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Posts Tagged ‘Jonathan Kent’

The first time I saw Ibsen’s Peer Gynt, on the same Olivier stage almost 30 years ago, it was so slow and turgid we decided an earlier dinner would be preferable to the second half. We’d finished our meal before the rest of the audience left the theatre, rather pleased with ourselves. I felt a bit like that at the first interval of this version by David Hare ‘after Henrik Ibsen’, but there were enough moments in Jonathan Kent’s production to send me back and see it through. It’s overlong and uneven, but there is much to enjoy.

Peter is Scottish, from Dunoon, and that’s where the story starts when he returns from a war, though not to a hero’s welcome. His girlfriend is about to get married to someone else and just about everyone, including his mother, sees him for the pathological liar and fantasist he is. It’s a while before he starts his journey (too long), first to meet the mountain king in the land of the trolls, who have selfish ways and intentions. From here, we find him at his golf course in Florida (yes!) a businessman with fingers in lots of pies, but a Frenchman, Icelander & Russian woman wipe him out. On to North Africa and the Middle East to make mischief and money before returning home to discover his legacy and destiny.

It’s a good time to revive it, in a world full of self-obsession, ego and greed, and Hare’s updating often works well. Amongst the highlights are the mountain king scene, Florida, at sea and the final scene, but it’s crying out for some editing to provide more focus and improve its pacing. Peter is a hugely challenging part, but James McArdle rises to it with a towering performance, often commanding the stage alone. Richard Hudson’s design sometime fills the stage thrillingly (the scene at sea) but other scenes seem lost on this vast stage. There’s great use of music, with particularly fine vocals from Tamsin Carroll.

It’s heading to the Edinburgh Festival (hence the Scottish setting?) where I suspect the somewhat conservative ladies from Morningside will go beyond their customary tut-tutting and vote with their feet, as quite a few did in an already sparse audience on Wednesday. I’m glad I didn’t, though, but I do wish they’d had the nerve to trim it to improve it; it’s not too difficult to see where that would be possible. In this form, only a partial success.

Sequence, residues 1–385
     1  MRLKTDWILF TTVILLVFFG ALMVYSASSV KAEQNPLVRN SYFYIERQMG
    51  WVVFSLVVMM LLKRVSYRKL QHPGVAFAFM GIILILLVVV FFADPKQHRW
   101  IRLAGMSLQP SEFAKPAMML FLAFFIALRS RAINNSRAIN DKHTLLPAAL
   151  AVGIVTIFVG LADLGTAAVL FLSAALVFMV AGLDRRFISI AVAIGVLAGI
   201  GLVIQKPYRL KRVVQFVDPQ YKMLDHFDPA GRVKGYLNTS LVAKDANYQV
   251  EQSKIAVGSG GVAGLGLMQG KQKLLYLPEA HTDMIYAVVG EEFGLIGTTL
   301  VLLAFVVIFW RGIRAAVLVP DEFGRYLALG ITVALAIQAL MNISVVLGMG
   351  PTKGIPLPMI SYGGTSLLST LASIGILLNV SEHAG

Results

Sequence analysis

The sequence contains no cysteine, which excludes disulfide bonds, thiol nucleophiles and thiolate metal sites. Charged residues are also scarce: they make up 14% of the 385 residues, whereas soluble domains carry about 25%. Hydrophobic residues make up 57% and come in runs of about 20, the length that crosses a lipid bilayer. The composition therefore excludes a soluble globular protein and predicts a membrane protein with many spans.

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Brunhilde Pomsel was an ordinary German woman, spending most of her life working in an office. What made her extraordinary is that during the Second World War she worked for Goebbels in his propaganda ministry. She was interviewed in her home in Munich for a documentary of the same title shortly before her death, aged 105. From this, Christopher Hampton has created a one-woman play, with Maggie Smith as Pomsel speaking directly to the audience as if we are the interviewer. It’s a captivating story and a virtuoso performance.

Pomsel sits in her room at the old peoples home as she tells us about her life from early memories of the First World War onwards. She’s the eldest of five (the other four boys), her father away in the war during much of her early childhood. She leaves school at sixteen, her father quashing her ambitions, becoming a typist, very proud of her shorthand skills. In her early twenties all around her were joining the Nazi’s, including her boyfriend Heinz. She remained somewhat detached from this, though she sometimes attended rallies, and she recalled voting for them in 1932.